The Consumer Code for Home Builders (the Code) will be strengthened to provide more comprehensive protection for new build home buyers following a comprehensive independent review led by John Bridgeman CBE, former Director General of the Office of Fair Trading (OFT) on behalf of the Code’s Management Board. The Review, which incorporated extensive liaison with industry and consumer stakeholders, will result in the most significant enhancements since the Code’s launch in 2010. These include broadening the scope to encompass customer pre-inspections, how ‘snagging’ issues are dealt with, and raising the maximum claim limit for complaints.
Bridgeman’s report concludes the Code is doing a good job of protecting consumers and driving improvements in customer service standards, with highlights including:
- The Government-approved Independent Dispute Resolution Scheme which is free for consumers to access
- full accreditation through the independent Consumer Codes Approval Scheme
- the sanction regime, including the ability to exclude companies from warranty schemes for failure to comply
- its informative website and government-approved contact centre to aid consumers.
The report also recommends several enhancements to improve the protection offered. These include:
- aligning different code schemes and simplifying access to complaint advice for consumers (supported by 95% of respondents to the Code Review stakeholder questionnaire).
- raising the maximum financial compensation threshold, as well as the individual amount that can be awarded for distress and inconvenience
- incorporating new requirements for home builders to improve how snagging issues (non-structural defects identified in the first two years post occupation) are dealt with, tackling some of the most common causes of complaint from new build home buyers
- broadening the scope of the Code to include shared ownership and strengthening requirements to support vulnerable customers
- outlawing financial incentives to complete on properties that haven’t yet met warranty standards and requiring any commissions for recommending products and services to be declared.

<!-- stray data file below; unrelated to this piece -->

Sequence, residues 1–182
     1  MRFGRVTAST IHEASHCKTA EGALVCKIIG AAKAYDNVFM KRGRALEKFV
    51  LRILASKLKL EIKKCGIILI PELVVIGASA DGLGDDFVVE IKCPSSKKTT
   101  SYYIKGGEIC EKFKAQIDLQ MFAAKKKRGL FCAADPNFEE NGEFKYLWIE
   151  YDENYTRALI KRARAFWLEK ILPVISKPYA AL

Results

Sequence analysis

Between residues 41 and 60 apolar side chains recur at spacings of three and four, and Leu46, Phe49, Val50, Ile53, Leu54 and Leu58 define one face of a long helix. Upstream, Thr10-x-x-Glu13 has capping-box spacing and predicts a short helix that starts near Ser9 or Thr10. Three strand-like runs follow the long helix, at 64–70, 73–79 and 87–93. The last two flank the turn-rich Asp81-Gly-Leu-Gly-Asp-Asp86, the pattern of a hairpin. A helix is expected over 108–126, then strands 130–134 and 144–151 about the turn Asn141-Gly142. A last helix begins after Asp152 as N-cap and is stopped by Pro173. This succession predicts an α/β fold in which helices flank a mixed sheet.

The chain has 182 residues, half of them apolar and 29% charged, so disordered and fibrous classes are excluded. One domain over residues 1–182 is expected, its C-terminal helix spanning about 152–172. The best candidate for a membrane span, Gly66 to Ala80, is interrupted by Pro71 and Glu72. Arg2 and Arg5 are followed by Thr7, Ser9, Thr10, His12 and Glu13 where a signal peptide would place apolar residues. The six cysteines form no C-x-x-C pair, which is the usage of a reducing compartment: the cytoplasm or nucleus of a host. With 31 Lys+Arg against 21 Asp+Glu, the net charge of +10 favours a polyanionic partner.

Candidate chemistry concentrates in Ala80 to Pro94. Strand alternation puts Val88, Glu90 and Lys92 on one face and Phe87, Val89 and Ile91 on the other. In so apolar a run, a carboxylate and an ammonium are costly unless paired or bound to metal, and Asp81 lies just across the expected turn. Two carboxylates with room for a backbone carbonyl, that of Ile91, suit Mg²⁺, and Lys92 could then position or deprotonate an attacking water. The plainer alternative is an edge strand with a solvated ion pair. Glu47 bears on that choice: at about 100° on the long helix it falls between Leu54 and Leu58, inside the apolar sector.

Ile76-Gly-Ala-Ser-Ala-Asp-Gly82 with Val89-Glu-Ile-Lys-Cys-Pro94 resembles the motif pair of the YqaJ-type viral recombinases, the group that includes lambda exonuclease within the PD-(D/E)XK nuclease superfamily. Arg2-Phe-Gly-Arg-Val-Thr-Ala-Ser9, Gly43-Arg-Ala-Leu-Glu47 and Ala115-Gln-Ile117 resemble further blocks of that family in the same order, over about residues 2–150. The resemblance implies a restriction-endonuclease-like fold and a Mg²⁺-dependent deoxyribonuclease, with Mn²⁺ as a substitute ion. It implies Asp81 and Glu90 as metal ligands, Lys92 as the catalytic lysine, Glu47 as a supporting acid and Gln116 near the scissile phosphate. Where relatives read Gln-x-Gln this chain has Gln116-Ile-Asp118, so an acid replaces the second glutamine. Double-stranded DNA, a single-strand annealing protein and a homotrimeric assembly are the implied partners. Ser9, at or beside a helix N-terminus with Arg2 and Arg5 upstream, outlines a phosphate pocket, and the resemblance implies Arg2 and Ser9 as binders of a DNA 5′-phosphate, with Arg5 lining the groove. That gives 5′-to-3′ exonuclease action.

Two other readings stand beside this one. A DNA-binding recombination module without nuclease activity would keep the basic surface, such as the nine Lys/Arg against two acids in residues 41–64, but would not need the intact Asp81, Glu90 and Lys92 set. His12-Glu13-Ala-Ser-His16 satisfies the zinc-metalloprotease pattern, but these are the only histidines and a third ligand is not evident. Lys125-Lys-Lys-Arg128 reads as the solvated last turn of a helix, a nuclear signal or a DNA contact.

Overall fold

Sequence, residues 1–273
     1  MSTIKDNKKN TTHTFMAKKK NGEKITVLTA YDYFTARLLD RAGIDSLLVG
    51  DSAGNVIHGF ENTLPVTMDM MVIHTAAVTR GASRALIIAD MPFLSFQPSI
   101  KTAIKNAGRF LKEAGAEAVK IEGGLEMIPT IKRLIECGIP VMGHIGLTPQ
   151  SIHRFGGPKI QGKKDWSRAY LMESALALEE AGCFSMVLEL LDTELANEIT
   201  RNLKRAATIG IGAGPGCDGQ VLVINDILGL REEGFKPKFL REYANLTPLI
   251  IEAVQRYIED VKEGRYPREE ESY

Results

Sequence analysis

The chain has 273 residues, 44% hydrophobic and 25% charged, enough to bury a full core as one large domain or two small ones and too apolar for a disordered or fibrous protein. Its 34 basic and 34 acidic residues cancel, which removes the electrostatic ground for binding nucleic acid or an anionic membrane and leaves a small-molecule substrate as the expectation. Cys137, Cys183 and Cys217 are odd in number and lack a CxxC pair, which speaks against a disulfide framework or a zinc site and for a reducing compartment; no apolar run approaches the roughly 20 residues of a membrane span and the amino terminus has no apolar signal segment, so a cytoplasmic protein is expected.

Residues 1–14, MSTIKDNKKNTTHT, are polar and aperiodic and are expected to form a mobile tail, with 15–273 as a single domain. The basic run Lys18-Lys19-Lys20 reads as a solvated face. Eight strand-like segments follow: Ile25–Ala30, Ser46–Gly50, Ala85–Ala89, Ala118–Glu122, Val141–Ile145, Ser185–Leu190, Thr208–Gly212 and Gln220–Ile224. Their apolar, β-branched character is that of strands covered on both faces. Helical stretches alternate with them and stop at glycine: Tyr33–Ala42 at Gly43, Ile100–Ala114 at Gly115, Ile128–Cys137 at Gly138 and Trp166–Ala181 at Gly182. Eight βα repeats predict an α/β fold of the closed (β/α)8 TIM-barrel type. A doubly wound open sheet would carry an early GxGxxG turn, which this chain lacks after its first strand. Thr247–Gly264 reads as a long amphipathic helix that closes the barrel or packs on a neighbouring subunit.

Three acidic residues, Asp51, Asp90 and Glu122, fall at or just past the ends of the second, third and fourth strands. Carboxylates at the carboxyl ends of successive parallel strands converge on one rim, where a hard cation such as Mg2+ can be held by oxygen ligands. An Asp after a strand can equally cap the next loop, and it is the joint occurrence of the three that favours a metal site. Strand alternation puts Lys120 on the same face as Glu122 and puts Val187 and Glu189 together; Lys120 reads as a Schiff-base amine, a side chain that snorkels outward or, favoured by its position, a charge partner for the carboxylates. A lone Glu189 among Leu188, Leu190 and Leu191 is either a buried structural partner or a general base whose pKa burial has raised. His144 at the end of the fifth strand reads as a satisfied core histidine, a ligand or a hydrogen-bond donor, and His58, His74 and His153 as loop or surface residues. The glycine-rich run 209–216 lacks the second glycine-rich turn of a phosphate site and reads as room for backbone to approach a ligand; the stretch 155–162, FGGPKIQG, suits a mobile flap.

The Review also makes recommendations for the wider industry and policymakers to consider, including a cash retention scheme to give consumers extra leverage, as well as an industry compensation fund to underwrite awards made to consumers.
Report author, John Bridgeman CBE, said:
“Buying a new home is one of the most significant purchases we can make. Service standards and satisfaction ratings have improved in recent years but there are still too many situations where new homeowners are let down by poor quality workmanship or customer service and by inadequate information. My recommendations are designed to deliver enhanced protection, greater levels of financial recompense and a more cohesive approach to customer service and support across the industry.”
Originally due in 2020, this review was delayed due to expectations that the Government may introduce a single statutory code of practice and new homes ombudsman. With this now unlikely to happen in the foreseeable future, it has become more important to align existing Codes where this benefits consumers, to minimise confusion.
Code Chairman, Noel Hunter OBE, said:
“This Review reinforces the importance of robust consumer protection for the buyers of new build homes. We’re pleased to see the Code’s positive role recognised, particularly in relation to our independent complaints process and sanctions regime. However, John Bridgeman has brought into focus the areas we need to strengthen to extend the scope of our Code, some of which we have already started to implement. The Code’s Management Board has accepted most of the recommendations and we will shortly be consulting on an updated Code. We will also work with policymakers and the wider industry to support the broader recommendations which sit outside our remit.”
The Code review took place from August 2022, involving a wide range of stakeholders, including consumers and consumer advisory groups, industry bodies, developers, agents, and those involved in the wider home building industry. The recommendations were delivered to the Code’s Management Board in March 2023 and the updated Code, incorporating recommendations from the Review, is due to be launched in early autumn, post consultation. Home builders will be given time to transition to the new arrangements and all homes built prior to the launch of the updated Code will continue to benefit from the existing cover in place at the time of purchase (until two years after occupancy). Updated training and support materials will be provided in due course to explain the new recommendations and protection available.